Emergency measures permitted for Lake Michigan erosion

Rising water levels and bluff failures along Wisconsin's Lake Michigan shoreline are creating a serious threat to private property and public utilities in a number of communities.

Among the hardest hit areas is the village of Mount Pleasant in Racine County, where the erosion has put several homes in jeopardy and could potentially threaten a water main and other public utilities if the situation deteriorates.

The Wisconsin Department of Natural Resources, at the request of Gov. Scott Walker, is working cooperatively with the state Department of Administration and other state and local entities to support the community and property owners elsewhere on the coast with expedited review of emergency stabilization measures for the bluff.

Placing heavy, stable material such as large, natural rock at the bottom or "toe" of the bluff can help protect that area from wave erosion.

Managing the water at the top of the bluff through techniques such as directing downspouts to drain water away from the area also can play an important role in keeping the bluff stable.

A variety of factors may contribute to bluff erosion including surface water runoff, groundwater, bluff material and slope.

“In urgent situations, the department is allowing the temporary placement of materials at the bottom of the bluff under easy-to-follow conditions while the property owner seeks approval for a permanent solution,” said DNR Secretary Cathy Stepp.

“The DNR is prepared to do everything within its statutory authority to allow property owners to stabilize the bluff, prevent further erosion and protect safety and property.”

Homeowners seeking to take emergency action must:

Submit a brief written request to the department describing the plan to place temporary emergency materials at the bluff toe to reduce erosion for protection of a structure or infrastructure;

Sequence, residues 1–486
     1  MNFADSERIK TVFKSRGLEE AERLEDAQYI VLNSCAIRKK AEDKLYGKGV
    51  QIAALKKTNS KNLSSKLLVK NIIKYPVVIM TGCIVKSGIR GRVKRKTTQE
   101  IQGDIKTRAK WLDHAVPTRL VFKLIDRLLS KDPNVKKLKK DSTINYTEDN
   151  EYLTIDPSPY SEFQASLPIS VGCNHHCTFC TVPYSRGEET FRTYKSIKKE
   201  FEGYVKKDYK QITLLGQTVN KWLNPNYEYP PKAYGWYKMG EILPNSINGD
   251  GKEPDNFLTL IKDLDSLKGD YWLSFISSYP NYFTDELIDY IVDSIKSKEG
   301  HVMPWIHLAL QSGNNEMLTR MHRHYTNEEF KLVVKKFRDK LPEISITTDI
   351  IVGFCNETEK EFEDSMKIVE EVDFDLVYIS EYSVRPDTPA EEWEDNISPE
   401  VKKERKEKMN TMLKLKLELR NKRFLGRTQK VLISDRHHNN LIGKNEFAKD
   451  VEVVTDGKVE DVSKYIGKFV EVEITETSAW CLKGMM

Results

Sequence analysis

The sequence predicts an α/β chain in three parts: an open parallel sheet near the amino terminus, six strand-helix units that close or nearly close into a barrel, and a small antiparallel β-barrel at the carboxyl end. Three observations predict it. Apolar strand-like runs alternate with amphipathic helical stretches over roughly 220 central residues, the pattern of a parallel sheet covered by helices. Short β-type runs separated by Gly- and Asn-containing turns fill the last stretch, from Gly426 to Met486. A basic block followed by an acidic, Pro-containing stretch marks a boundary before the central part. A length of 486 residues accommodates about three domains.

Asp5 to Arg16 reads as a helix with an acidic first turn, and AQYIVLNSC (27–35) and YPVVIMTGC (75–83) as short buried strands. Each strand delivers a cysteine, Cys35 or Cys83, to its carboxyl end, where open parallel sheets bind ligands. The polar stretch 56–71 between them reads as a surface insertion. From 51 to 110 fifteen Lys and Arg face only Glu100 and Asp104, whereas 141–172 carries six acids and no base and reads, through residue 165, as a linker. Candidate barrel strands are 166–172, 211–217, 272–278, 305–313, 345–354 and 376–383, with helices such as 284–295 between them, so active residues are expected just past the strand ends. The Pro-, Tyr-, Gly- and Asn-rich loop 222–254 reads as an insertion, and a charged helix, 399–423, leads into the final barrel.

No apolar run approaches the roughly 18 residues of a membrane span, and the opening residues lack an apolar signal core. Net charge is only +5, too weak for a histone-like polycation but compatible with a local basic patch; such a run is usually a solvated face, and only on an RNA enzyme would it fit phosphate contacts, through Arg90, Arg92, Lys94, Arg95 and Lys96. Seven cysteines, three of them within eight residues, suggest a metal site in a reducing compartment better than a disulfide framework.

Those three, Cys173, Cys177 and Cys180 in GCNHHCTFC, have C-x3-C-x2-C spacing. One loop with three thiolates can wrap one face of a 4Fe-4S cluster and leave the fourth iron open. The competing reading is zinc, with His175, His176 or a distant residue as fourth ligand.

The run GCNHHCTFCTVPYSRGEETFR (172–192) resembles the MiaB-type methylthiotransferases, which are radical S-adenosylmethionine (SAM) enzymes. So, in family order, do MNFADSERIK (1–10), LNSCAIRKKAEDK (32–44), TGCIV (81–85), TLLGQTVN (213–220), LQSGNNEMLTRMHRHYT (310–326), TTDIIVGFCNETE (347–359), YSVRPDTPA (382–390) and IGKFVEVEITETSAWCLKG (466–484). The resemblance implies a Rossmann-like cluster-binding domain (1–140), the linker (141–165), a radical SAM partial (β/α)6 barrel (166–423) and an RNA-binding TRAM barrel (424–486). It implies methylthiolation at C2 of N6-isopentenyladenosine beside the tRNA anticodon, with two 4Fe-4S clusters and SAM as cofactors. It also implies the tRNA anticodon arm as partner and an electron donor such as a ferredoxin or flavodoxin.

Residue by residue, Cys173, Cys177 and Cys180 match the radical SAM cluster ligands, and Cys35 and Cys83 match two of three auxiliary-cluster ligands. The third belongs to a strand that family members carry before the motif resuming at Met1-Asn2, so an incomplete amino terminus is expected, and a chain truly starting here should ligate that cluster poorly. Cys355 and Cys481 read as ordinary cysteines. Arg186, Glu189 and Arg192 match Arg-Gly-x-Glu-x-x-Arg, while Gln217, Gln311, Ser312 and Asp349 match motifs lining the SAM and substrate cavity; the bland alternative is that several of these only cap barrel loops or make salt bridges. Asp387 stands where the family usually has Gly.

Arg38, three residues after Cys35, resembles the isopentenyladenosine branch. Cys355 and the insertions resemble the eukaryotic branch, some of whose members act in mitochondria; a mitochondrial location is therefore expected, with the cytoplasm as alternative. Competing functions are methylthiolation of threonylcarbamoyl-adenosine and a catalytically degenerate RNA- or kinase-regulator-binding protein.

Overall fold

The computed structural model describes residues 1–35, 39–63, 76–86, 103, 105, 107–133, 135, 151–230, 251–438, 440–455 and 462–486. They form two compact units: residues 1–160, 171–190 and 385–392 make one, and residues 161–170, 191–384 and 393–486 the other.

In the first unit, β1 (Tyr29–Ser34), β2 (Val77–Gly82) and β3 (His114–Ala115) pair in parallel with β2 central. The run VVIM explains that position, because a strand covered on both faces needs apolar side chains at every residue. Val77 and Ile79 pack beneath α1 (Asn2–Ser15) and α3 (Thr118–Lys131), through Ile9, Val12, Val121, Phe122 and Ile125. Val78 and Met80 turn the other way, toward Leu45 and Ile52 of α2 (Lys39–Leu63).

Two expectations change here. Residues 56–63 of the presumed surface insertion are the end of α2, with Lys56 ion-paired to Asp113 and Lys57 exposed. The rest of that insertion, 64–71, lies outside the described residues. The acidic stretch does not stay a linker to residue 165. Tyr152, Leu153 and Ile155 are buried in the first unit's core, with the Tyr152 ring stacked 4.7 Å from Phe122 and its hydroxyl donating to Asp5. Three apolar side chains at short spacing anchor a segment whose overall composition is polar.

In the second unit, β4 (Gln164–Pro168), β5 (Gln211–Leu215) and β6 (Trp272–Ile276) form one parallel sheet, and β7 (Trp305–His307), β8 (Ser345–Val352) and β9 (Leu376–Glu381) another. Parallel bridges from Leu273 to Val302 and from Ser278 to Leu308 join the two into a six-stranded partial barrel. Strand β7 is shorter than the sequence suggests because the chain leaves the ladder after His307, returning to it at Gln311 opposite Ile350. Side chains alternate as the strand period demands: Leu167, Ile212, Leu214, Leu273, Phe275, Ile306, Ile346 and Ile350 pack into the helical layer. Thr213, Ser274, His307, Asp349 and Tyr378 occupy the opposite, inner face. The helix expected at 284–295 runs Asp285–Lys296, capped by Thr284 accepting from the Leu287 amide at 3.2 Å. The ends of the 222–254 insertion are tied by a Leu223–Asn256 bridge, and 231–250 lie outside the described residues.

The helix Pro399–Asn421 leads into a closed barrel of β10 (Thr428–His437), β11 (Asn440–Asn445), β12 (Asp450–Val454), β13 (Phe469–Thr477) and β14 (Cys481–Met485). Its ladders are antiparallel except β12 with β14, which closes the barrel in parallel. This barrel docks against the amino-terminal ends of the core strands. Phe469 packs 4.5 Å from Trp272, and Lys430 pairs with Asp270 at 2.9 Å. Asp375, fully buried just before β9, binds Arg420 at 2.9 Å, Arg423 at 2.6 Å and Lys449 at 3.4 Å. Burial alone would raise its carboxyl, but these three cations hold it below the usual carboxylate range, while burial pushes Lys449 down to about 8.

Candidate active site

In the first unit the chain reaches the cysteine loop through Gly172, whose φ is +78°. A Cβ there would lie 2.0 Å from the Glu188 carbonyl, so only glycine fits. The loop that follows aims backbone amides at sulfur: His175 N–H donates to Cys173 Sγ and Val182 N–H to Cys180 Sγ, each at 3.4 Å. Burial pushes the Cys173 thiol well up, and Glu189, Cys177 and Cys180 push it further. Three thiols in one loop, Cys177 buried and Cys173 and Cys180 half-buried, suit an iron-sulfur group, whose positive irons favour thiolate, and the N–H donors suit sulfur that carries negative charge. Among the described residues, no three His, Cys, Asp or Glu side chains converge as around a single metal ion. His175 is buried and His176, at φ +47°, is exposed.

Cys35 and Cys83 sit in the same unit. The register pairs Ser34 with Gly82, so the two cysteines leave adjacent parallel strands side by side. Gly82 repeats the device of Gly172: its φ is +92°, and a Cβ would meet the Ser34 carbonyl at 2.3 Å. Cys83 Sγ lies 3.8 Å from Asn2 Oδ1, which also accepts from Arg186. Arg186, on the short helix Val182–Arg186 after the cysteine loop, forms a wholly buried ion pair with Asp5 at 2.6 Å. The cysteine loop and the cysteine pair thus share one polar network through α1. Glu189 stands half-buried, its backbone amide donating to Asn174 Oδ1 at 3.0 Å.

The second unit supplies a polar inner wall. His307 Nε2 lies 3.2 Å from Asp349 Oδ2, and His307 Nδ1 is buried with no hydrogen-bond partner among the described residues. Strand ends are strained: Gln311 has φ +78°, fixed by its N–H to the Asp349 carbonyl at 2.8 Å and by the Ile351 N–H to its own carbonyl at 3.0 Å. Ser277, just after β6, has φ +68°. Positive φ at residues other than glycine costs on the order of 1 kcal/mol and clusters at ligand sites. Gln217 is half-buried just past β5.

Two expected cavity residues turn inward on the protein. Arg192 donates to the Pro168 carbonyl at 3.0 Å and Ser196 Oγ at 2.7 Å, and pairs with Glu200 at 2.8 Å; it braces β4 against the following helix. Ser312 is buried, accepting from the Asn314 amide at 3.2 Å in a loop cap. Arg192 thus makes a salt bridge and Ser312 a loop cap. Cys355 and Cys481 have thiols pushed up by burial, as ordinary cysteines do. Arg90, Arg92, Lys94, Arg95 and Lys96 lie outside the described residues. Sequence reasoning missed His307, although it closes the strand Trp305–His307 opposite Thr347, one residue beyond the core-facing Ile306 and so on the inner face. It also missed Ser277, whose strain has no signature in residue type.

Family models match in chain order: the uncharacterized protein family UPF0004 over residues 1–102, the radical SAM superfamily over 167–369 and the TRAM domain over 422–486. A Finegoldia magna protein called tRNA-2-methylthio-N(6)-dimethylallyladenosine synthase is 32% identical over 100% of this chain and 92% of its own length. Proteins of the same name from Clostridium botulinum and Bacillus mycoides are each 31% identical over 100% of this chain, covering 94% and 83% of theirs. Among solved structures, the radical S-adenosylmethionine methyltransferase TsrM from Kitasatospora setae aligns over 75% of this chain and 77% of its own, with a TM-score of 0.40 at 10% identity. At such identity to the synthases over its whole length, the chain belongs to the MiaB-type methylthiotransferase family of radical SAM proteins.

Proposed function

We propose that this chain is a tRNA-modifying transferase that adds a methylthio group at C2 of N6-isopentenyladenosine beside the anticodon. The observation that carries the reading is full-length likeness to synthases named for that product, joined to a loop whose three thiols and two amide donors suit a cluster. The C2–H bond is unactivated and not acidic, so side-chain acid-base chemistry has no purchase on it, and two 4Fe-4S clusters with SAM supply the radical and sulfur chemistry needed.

Identify where the temporary material will be placed; provide information about the type and amount of material that will be used; and explain how the temporary material will be placed.

One of the conditions for emergency approval requires landowners to actively work toward planning, designing and implementing a permanent shoreline protection solution through the state Chapter 30 permit process, said Martye Griffin, DNR's statewide waterway science and policy leader.

Once DNR receives the emergency request, a letter authorizing the placement of temporary structures will be sent and once received, the landowner can proceed with the temporary measures.

Property owners requesting emergency action may email Griffin at MartinP.Griffin@Wisconsin.gov.

DNR urges homeowners to use care when considering emergency work.

During high water events in previous years, some efforts to deploy broken concrete and other materials down the side of the bluff resulted in excessive weight on the sloping bluff face.

Rather than protecting the toe of the slope, this worsened erosion problems.

The Lake Michigan shoreline is a complex, dynamic environment with varying physical characteristics. In urgent situations, homeowners can choose to proceed with expedited projects but should understand the risk.

Griffin said the department recommends hiring a professional engineer to properly design shore protection structures that take into account the following:

If using rock, stone or heavy concrete, the material should consist of clean (no re-bar or metal), large, non-flat, angular, interlocking pieces;

Materials used should be of sufficient weight and size to remain in place; and

Concrete rubble and other construction site debris should NOT be used. These materials have a tendency to crack and break apart, reducing the weight of the material that is needed to resist wave forces and creating voids for the waves to erode behind the material.

Griffin also noted that if the material used for temporary protection cannot be incorporated into a final design, it may have to be removed, which may increase the costs of installing the final, permanent solution.

Steve Galarneau, director of DNR's Office of the Great Lakes, emphasized that the Great Lakes coast is a dynamic environment.

Water levels on Lake Michigan had been running well below average in the recent past, but are now up 8 inches from a year ago and up just over 4 feet from the low level reported in January 2013.

Lake levels are currently running about 16 inches above the long term average of 578.8 feet. Lake Michigan is still more than 2 feet below the record high of 582.35 feet set in October of 1986.

For details on temporary, emergency measures as well as the process for permanent structures, visit DNR.wi.gov and search "Great Lakes erosion control."


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